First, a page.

A Survey Questionnaire was e-mailed to 6005 people, and 599 responses were received. The ratio of females (248) to male (351) was 0.69  (Table 1). Among the respondents, 80% were from India, and the rest of them were from abroad. Responses were evenly spread across all age groups. The responses of the age groups, > 50, 18-20, and 29-30 are the lowest at 8%, 7.7%, and 7.6% respectively and the responses were highest with age groups, 41-40, 21-23, were 21.2% and 18.6% respectively. The next age group 24-28 was 14.9%. The nonmedical respondents had the highest participation at 67.7%, whereas the practicing physicians  was at 5.7% (Table 2). 32.3% of respondents of the survey were with medical, pharmacy, or nursing background with a minimum of an undergraduate degree; among them, 36.3% of people had one or more scientific publications, whereas 58.9% of respondents had a membership in professional societies. 70% of respondents had not participated in any voluntary organizations. 30% of respondents indicated that their institutions did not offer rare disease awareness programs. 23.7%, 42.6% of respondents never heard the term "rare diseases" and "orphan drugs", respectively. 17.6% of respondents thought poor countries and 8% of respondents felt that the rich countries suffer most while 74.4% felt that RDs do not discriminate rich or poor (Table 3). 37.6% of respondents did not know the definition of a rare disease. Similarly, 48.4%, 57.2% respondents unaware of the number of RDs and patient population in the country respectively, while 66% of respondents did not know the number of commercially available ODs. 41.6% of respondents think the common cause of rare diseases was genetic, but 20.3% of people were unaware of the cause for rare diseases. Only 14% of respondents think that rare diseases occur by birth, while 48.5% thought they occur at any age. However, 19.3% of respondents did not know the age of onset. Some respondents think RDs effect India more than China, but 67.7% thought rare diseases affect all countries. An approximate time took to diagnosis a rare disease was equally spread from one week to five years. 36.2% of respondents thought that rare diseases affect only 1-2% of the population, while 30.3% of people did not know the affected population. Practicing medical professionals included were medical students, pharmacy, nursing, and practicing doctors. They represented 47.1% (247 respondents) in the survey. From these healthcare professionals, 42.8% had not seen any rare disease patients. Thirteen rare diseases from the National Organization for Rare Disorders (NORD) website  and twelve common diseases and four tropical diseases were listed to identify the rare diseases (Table 5). 77.6% had no resources to diagnose, while 80.1% had no resources to treat rare disease patients, and 76% had no continuing education programs in their institutions (Table 4) (Supplementary Material: Graphic Representation of the responses).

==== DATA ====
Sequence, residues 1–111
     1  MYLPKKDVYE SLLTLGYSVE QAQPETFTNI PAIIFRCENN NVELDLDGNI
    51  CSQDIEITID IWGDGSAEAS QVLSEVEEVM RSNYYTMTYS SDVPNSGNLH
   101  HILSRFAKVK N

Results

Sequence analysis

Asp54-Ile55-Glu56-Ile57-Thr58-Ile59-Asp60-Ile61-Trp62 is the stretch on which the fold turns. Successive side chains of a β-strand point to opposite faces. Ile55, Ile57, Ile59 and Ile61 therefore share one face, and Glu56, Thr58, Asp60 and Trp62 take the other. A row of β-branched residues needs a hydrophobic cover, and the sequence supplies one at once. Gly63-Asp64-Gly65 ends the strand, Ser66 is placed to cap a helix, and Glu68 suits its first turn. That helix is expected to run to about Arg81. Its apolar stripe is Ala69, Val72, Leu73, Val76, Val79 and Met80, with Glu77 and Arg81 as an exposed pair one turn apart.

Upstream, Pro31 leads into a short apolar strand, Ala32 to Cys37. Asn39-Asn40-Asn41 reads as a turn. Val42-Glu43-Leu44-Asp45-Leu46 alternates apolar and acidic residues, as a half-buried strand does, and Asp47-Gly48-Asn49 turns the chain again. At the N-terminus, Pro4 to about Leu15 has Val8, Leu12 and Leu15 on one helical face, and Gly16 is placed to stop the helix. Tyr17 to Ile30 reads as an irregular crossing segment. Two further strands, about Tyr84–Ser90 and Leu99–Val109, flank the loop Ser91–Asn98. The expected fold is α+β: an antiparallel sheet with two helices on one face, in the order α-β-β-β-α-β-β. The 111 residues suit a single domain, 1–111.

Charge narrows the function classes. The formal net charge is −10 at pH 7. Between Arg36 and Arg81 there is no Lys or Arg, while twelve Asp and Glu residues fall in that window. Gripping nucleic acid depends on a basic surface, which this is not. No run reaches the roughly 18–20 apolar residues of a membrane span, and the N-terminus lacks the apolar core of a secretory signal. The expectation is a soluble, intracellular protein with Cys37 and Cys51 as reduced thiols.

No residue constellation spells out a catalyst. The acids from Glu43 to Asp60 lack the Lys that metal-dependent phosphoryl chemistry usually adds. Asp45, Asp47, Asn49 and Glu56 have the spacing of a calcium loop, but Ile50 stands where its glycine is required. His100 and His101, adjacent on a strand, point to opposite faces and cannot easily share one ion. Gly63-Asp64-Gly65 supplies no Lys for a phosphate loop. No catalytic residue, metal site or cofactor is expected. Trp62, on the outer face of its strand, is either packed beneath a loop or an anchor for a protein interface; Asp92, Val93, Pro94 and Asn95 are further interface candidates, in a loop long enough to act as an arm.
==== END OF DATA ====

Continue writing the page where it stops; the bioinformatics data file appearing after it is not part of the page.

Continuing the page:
All the information from this survey is completely anonymous and does not collect personal or identifiable information about the respondents or institutions, and there is little or no potential for invasion of privacy or breach of confidentiality. This information is essential to assure the survey takers voluntarily complete the study. The respondents were informed before taking the survey that the information derived from the study would be reported as a public report or a journal publication. Also, the study may be made available to India's Ministry of Health and Family Welfare, and others who create programs and services for parents and caregivers. It is expected that the sample study will help to move the national conversation on care and support for rare disease patients and families and provide greater awareness of how rare diseases affect communities. Health budgets are insufficient to provide care for all. Allocating resources to treat a person with a rare and expensive disorder over a person with a more common, less expensive disorder is a problem for cautious policymakers who are concerned about justice and fairness in allocating their community health resources. Therefore, establishing the baseline knowledge of RDs in the country is essential.